Deficiency of the chemokine receptor CXCR2 attenuates neutrophil infiltration and cortical damage following closed head injury

  • Semple B
  • Bye N
  • Ziebell J
 et al. 
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The contribution of infiltrated neutrophils to secondary damage following traumatic brain injury remains controversial. Chemokines that regulate neutrophil migration by signaling through the CXCR2 receptor are markedly elevated by brain injury and are associated with the propagation of secondary damage. This study thus investigated the function of CXCR2 in posttraumatic inflammation and secondary degeneration by examining Cxcr2-deficient (Cxcr2-/-) mice over 14 days following closed head injury (CHI). We demonstrate a significant attenuation of neutrophil infiltration in Cxcr2-/-mice at 12hours and 7days after CHI, despite increased levels of CXC neutrophil-attracting chemokines in the lesioned cortex. This coincides with reduced tissue damage, neuronal loss, and cell death in Cxcr2-/-mice compared to wild-type controls, with heterozygotes showing intermediate responses. In contrast, blood-brain barrier permeability and functional recovery did not appear to be affected by Cxcr2 deletion. This study highlights the deleterious contribution of neutrophils to posttraumatic neurodegeneration and demonstrates the importance of CXC chemokine signaling in this process. Therefore, CXCR2 antagonistic therapeutics currently in development for other inflammatory conditions may also be of benefit in posttraumatic neuroinflammation. © 2010 .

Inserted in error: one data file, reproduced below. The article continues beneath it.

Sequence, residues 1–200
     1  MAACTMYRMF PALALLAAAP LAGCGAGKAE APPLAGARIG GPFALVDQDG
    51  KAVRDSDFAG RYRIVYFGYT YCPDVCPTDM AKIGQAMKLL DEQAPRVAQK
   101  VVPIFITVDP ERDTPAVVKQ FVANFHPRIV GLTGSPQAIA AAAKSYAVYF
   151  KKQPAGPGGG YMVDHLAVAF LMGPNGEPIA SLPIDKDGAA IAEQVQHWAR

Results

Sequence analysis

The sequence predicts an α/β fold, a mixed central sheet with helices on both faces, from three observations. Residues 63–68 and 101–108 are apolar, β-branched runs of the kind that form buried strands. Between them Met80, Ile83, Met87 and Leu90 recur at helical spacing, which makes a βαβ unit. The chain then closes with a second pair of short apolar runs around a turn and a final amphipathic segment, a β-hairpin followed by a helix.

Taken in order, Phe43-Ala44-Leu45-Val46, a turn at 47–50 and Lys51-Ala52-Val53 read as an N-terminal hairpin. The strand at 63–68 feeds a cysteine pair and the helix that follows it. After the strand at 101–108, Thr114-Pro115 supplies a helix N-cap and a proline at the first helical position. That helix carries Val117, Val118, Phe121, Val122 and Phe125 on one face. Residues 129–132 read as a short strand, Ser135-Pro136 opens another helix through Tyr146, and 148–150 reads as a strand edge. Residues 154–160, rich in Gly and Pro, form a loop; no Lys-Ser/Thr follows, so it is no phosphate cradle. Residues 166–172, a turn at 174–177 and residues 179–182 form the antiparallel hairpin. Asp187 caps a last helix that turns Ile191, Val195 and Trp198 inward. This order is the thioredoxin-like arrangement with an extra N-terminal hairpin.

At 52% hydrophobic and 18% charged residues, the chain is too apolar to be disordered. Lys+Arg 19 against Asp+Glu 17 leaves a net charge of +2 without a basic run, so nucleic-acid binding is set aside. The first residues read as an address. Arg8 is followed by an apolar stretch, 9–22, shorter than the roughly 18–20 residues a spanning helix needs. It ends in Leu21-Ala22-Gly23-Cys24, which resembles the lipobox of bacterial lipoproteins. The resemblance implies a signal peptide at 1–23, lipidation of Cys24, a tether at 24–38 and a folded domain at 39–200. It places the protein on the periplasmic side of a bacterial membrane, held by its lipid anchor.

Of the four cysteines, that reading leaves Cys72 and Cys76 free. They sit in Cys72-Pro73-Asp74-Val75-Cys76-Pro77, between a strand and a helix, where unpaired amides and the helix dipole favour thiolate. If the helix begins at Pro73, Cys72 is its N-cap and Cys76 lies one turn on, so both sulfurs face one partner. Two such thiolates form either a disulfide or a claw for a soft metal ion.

Author-supplied keywords

  • CXCR2
  • Chemokine
  • Inflammation
  • Neutrophils
  • Traumatic brain injury

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  • Bridgette D. Semple

  • Nicole Bye

  • Jenna M. Ziebell

  • M. Cristina Morganti-Kossmann

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